Archean

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Related to Archean eon: Proterozoic eon, Phanerozoic eon

Archean

[är′kē·ən]
(geology)
A term, meaning ancient, which has been applied to the oldest rocks of the Precambrian; as more physical measurements of geologic time are made, the usage is changing; the term Early Precambrian is preferred.
McGraw-Hill Dictionary of Scientific & Technical Terms, 6E, Copyright © 2003 by The McGraw-Hill Companies, Inc.
References in periodicals archive ?
It wasn't a blue planet by any means." By the end of the Archean Eon some 2.5 billion year ago, oxygen levels rose quickly, creating an explosion of new life on the planet, he said.
The mantle was so hot from its birth and up until about 2.5 billion years ago - during what is known as the Archean Eon - because elements like potassium and uranium were decaying and releasing radioactive heat, according to (http://vtnews.vt.edu/articles/2017/05/science-hottestlavas.html) Virginia Tech .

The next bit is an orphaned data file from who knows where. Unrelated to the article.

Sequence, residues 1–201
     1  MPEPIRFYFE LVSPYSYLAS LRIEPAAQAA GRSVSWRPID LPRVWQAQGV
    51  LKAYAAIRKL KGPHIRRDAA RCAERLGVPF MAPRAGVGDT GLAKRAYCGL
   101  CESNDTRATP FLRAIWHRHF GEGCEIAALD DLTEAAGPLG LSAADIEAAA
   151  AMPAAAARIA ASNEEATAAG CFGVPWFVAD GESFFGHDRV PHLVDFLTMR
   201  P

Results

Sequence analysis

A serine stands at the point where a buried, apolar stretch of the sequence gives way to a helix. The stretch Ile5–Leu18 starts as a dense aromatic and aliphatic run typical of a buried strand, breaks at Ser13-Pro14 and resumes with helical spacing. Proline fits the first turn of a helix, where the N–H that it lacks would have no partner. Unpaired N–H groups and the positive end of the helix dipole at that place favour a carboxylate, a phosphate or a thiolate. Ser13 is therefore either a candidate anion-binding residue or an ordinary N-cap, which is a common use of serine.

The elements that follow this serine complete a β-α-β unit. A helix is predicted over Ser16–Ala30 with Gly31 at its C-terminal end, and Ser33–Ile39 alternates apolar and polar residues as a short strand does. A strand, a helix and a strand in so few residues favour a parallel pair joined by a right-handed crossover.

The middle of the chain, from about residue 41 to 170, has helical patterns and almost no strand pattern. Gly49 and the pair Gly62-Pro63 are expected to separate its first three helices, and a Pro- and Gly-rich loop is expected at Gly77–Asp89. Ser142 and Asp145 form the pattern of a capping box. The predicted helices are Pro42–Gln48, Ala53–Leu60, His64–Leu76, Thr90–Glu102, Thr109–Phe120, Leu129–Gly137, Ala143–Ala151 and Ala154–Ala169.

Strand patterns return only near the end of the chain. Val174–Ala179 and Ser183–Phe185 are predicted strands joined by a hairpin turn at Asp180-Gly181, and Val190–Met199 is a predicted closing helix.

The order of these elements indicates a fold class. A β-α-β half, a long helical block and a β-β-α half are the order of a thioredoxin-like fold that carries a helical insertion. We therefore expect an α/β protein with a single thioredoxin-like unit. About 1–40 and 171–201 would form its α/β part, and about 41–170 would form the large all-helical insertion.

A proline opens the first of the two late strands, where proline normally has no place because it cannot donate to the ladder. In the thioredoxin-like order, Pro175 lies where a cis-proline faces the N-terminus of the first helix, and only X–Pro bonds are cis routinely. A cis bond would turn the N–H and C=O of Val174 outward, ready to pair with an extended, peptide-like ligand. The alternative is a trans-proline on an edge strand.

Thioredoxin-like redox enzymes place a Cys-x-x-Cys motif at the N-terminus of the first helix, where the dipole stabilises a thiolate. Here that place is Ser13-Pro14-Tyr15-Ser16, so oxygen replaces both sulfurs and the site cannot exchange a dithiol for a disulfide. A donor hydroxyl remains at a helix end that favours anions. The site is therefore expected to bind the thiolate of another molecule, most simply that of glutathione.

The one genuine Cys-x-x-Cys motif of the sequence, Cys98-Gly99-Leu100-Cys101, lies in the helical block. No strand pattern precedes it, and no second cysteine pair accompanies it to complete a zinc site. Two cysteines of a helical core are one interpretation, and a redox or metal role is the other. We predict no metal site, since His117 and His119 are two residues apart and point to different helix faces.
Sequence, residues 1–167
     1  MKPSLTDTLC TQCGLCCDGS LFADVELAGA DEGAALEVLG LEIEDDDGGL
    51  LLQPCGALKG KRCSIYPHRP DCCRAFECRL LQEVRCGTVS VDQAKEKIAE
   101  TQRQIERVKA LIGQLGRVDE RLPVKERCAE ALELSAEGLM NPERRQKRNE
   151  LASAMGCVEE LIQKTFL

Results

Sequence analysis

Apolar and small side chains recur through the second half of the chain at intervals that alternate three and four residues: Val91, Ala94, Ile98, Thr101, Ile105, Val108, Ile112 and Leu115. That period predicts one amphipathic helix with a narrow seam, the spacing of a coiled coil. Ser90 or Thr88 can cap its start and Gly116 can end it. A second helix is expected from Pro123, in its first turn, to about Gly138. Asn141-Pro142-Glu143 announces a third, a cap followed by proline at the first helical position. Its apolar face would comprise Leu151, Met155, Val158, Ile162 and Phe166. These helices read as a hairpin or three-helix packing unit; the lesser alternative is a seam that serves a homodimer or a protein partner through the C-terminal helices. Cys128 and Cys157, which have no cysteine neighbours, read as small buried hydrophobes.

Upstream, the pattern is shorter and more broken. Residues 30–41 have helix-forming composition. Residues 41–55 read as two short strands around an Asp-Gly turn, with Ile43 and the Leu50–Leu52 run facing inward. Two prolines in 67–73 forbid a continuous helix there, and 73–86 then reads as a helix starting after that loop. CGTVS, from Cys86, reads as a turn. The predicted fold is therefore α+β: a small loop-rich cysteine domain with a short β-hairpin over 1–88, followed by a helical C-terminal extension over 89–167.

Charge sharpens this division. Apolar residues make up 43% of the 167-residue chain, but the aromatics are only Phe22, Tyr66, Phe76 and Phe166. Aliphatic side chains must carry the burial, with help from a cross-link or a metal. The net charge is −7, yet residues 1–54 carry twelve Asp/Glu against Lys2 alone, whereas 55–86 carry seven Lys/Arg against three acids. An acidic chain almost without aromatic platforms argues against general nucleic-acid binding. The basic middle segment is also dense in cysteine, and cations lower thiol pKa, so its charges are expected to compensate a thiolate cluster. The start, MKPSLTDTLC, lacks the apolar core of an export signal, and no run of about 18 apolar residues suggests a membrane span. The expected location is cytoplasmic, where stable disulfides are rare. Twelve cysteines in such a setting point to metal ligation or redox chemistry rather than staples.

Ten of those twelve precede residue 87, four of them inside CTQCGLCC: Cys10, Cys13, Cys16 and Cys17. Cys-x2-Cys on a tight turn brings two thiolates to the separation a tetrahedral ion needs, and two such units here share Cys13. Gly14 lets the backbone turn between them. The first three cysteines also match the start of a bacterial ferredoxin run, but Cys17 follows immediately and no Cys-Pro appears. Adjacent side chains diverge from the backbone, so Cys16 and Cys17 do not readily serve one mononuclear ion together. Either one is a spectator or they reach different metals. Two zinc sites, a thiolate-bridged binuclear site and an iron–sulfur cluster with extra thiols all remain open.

Two researchers from University of Colorado Boulder say all that may have been required to sustain liquid water and primitive life on Earth during the Archean eon 2.8 billion years ago were reasonable atmospheric carbon dioxide amounts believed to be present at the time and perhaps a dash of methane.
Previously scientists have explained the presence of liquid water in that lowlight time, during the Archean Eon (about 3.8 billion to 2.5 billion years ago), by suggesting that Earth's atmosphere held large amounts of planet-warming greenhouse gases such as carbon dioxide and methane.